I think so. And I think I feel really confident, beyond just the lyrics or what the songs are about. I’m confident the music is really good and this is the first time that’s happened. Not that I thought the music was bad in the other two albums, I really still think it was pretty and nice, it’s just that I was a lot more considerate and thoughtful about the sound on Too Bright, as much as the lyrical content.

quote5Too Bright definitely does sound a lot more confident, a bit more grandiose. You’ve also described it as “an underlying rage that has slowly been growing since ten and has just begun to bubble up.” What made you draw upon these references of your past in this album?

I’ve always made music to process things, so if something was bothering me, or something needed healing or a relationship in my life was screwed up, writing was a way I could deal. But I kind of used up all the memories that I needed to heal on the first couple of albums and this one’s a lot more about how I’m feeling now and almost a projection of how I want to be, not so much looking into the past. That anger was kind of some of the more immediate things that I needed to process.

With your songs and the visual representations in your music videos, I feel that you’re drawing upon not only this anger, but also some of the other deadly sins; greed, lust, gluttony. Was this intentional?  

No, but I like that. It perhaps wasn’t intentional but I like showing things that maybe I’ve been ashamed of or things I think are gross about myself. Or that I’m scared that other people think I’m gross or too ‘faggy’ or too feminine. I kind of like doing it defiantly and pushing it into people’s faces.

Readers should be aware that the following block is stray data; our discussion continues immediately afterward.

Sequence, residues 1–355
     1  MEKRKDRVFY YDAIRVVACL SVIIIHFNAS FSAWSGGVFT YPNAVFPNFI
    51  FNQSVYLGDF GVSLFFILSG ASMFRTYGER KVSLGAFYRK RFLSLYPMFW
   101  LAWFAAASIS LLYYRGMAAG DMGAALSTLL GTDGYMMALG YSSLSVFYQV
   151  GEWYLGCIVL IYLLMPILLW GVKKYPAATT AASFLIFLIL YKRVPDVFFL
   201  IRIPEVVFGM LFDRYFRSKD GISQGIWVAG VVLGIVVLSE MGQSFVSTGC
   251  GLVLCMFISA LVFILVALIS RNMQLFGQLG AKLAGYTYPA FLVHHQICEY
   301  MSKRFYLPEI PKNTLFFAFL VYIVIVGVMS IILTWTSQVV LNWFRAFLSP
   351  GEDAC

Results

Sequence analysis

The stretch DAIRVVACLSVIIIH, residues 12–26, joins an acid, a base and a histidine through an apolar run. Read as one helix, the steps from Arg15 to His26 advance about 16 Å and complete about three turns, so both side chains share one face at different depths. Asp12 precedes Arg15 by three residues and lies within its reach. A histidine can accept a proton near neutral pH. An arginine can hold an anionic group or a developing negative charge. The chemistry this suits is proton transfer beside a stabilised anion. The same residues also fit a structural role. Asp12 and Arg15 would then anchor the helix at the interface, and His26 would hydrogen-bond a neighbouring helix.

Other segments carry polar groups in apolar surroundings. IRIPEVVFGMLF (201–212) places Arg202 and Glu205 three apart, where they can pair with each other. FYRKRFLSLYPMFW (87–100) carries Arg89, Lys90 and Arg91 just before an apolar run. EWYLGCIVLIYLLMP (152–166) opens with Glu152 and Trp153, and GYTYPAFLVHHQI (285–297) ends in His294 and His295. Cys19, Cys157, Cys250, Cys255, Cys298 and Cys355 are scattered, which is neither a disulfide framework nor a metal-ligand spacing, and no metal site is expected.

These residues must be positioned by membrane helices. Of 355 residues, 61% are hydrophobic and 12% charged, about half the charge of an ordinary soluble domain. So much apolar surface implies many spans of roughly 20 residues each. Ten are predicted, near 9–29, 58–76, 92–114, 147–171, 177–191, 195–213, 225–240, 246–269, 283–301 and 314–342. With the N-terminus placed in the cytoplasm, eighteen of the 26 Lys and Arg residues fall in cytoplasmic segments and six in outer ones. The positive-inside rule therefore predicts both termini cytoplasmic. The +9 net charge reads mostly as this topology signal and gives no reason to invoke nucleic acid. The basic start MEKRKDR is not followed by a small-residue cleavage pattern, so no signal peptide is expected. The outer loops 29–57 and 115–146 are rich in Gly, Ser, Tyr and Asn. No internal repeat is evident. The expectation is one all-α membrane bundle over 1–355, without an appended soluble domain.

It seems you’ve managed to achieve this in the videos; kind of pushing it into people’s faces, providing an amount of intensity at times but then you manage to draw it back at just the right moments. You’ve carefully oscillated between the two ends of the spectrum.

Yeah, I never want the videos to be just pure rebellion, I want there to be a purpose to them, or have it be empowering or have some sort of importance. More than just giving someone the middle finger.

Do you have a lot of input of the content for the videos?

Yeah, especially this last one. Both of them are collaborations, but I feel like Queen was almost equal measure me and Cody Critcheloe (SSION), the director. I really trusted him and I guess that’s why I didn’t mind meeting in the middle more. I didn’t mind patchworking of all our zany ideas into one dream. I can come up with the ideas but I sometimes don’t know how to make it cool, you know? And the director I was working with was very cool.

It must be nice to tell people your ideas and have them filter it out into whatever you picture in your head.